We face a wicked predicament. Global climate disruption threatens the existence of civilization as we’ve known it. Global population is ballooning. Ecosystems and biological diversity are collapsing. And meanwhile we are running out of key resources on a finite planet.
Each of these problems alone would be difficult to solve, but combined they seem overwhelming. What should we do?
Most people in the world could agree that ideally we all want security, jobs, health, and happiness for all, ongoing. This is true prosperity. How do we get there? Countless ideas have been suggested – recommendations that range from changing policy to changing a light bulb.
Since my background is in psychology and organization development, I frame my analysis in behavioral terms: What are the key behaviors that, if enacted broadly enough, would get us to where we need to be?
I think the list can be boiled down to three. They can be stated as decision rules. When facing any decision, we should choose:
1. The low footprint / high equity option
2. Prosperity rather than growth
3. That which restores and maintains ecosystems
What do these mean and why are they important?
“Low footprint” means selecting the option that uses the fewest non-renewable resources and puts the smallest burden for waste absorption back on the planet.
Low footprint choices are in all our best interests. The Global Footprint Network reports that we currently use the equivalent of 1.5 planets to provide our resources and absorb our waste. Clearly the only way forward is low footprint.
“High equity” is a principle enshrined in the preamble to the Declaration of Independence. It means taking the option that improves social justice. The benefits of equality don’t just accrue to the less fortunate members of society. Inequality has damaging impacts across a nation as a whole. The research evidence supports Joseph Stiglitz, former chief economist at the World Bank and author of The Price of Inequality who says, “Widely unequal societies do not function efficiently and their economies are neither stable nor sustainable.”
“Prosperity rather than growth” means recognizing that growth is killing us. Population growth clearly increases pressure on Earth’s finite resources. Economic growth, for its part, drives consumption of materials and energy, which stresses the plant’s finite resources. Furthermore, in many cases we have reached the point where economic growth actually makes us worse off rather than better. This is uneconomic growth.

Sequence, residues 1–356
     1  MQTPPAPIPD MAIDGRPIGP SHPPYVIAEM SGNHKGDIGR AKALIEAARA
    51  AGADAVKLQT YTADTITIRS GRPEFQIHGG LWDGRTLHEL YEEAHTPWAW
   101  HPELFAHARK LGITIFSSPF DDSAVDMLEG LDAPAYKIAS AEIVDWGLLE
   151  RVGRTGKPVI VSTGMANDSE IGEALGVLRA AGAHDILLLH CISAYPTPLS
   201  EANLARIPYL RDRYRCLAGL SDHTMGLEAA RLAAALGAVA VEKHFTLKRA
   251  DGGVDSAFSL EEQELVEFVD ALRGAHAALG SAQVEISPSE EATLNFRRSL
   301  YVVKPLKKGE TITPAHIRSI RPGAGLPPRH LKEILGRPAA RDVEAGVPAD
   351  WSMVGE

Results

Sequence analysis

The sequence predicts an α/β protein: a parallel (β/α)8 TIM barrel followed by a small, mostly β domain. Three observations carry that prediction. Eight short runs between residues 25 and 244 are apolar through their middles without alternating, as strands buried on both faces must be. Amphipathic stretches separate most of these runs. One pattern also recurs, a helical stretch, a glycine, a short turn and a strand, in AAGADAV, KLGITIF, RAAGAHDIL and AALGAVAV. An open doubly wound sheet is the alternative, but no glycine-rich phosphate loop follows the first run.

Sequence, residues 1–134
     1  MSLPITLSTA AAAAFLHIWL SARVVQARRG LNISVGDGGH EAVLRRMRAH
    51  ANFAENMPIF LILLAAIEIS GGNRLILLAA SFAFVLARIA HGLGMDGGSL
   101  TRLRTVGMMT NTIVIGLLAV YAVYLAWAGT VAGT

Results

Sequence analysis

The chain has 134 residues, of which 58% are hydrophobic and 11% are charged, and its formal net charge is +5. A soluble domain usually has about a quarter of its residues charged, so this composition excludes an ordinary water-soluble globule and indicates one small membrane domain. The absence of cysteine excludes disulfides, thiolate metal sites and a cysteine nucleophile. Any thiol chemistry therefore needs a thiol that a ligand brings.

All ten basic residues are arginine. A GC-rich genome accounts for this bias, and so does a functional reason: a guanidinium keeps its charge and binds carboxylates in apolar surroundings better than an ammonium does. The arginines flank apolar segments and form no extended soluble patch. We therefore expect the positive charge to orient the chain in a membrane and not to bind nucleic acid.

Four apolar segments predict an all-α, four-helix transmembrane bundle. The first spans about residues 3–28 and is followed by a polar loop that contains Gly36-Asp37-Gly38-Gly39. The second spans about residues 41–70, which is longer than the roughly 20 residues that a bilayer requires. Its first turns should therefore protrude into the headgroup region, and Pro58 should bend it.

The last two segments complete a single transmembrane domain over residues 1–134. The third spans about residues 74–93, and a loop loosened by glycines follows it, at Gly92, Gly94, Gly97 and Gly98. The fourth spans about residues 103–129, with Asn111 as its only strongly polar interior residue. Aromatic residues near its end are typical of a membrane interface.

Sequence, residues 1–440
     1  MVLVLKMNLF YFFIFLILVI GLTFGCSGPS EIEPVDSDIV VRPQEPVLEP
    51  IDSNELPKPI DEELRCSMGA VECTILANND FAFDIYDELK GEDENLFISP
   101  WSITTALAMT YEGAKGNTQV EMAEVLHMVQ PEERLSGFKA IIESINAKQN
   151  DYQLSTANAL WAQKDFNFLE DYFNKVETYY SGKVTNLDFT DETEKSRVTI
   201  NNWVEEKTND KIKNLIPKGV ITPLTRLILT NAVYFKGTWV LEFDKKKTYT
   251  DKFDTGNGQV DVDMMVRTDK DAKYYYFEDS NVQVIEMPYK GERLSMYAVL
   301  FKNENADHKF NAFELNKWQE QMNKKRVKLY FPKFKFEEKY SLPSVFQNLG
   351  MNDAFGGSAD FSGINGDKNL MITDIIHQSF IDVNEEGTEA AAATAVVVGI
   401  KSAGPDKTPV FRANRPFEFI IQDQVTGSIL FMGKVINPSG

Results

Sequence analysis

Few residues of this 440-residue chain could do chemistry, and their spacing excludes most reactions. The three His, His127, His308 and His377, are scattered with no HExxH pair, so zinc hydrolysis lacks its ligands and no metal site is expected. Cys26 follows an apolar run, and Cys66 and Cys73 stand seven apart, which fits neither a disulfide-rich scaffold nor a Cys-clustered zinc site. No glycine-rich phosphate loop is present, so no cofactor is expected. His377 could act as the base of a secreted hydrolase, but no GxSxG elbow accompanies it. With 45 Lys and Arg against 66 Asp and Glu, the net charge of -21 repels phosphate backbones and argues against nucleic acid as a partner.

To begin to appreciate this, consider the growth question the next time you are stuck in a traffic jam or when you learn that drilling for natural gas is being conducted next to your local elementary school.
Tim Jackson, Economics Commissioner for the UK Sustainable Development Commission concludes in Prosperity Without Growth: “The truth is that there is as yet no credible, socially just, ecologically sustainable scenario of continually growing incomes for a world of 9 billion people. In this context, simplistic assumptions that capitalism’s propensity for efficiency will allow us to stabilize the climate or protect against resource scarcity are nothing short of delusional.”
Why have we chosen growth up until now? It is because we believed it was the route to prosperity and happiness. But when growth is uneconomic, it leads to the opposite of happiness. Why not aim directly for the real end-goal?
“Maintain and restore ecosystems” means making sure our collective lifeboat doesn’t spring a fatal leak. If the ecosystem collapses, everything else collapses. As economist Herman Daly points out, "What good is a sawmill without a forest, a fishing boat without populations of fish, a refinery without petroleum deposits, an irrigated farm without an aquifer or river?”
Jared Diamond in Collapse recounts the history of several civilizations that brought about their own destruction by neglecting the health of their ecosystem. We can’t let this happen globally.
One of the beauties of these three behaviors is that they are scalable: They can be enacted at the structural, social, and at the personal levels.
Another beauty is clarity: If a choice doesn’t shrink our footprint, if it doesn’t support equity, if it fosters growth rather than true prosperity, if it doesn’t maintain or restore ecosystems, it’s simply not helping.
For those of a religious orientation a further beauty is that these three behaviors align with the world’s great spiritual traditions. All spiritual traditions teach a version of the Golden Rule and teach that there are consequences for making bad choices.
These three behaviors constitute the core ethics for making wise choices and maintaining a livable planet.
Originally published, slightly abridged, in the Boulder Daily Camera, 27 October 2012, (www.dailycamera.com/guest-opinions/ci_21864167)
This article is based on a longer paper that is available, with full citations, at www.hoopandtree.org/3%20Behaviors.pdf
About the author: Chris Hoffman, M.Ed., M.B.A., L.P.C., is a counselor and organization development consultant specializing in organizations committed to sustainability. He is the author of several books, including The Hoop and the Tree: A Compass for Finding a Deeper Relationship with All Life and a number of professional articles in the areas of team development and organizational change. He is also the creator of www.earth-dashboard.org. (More information at www.hoopandtree.org)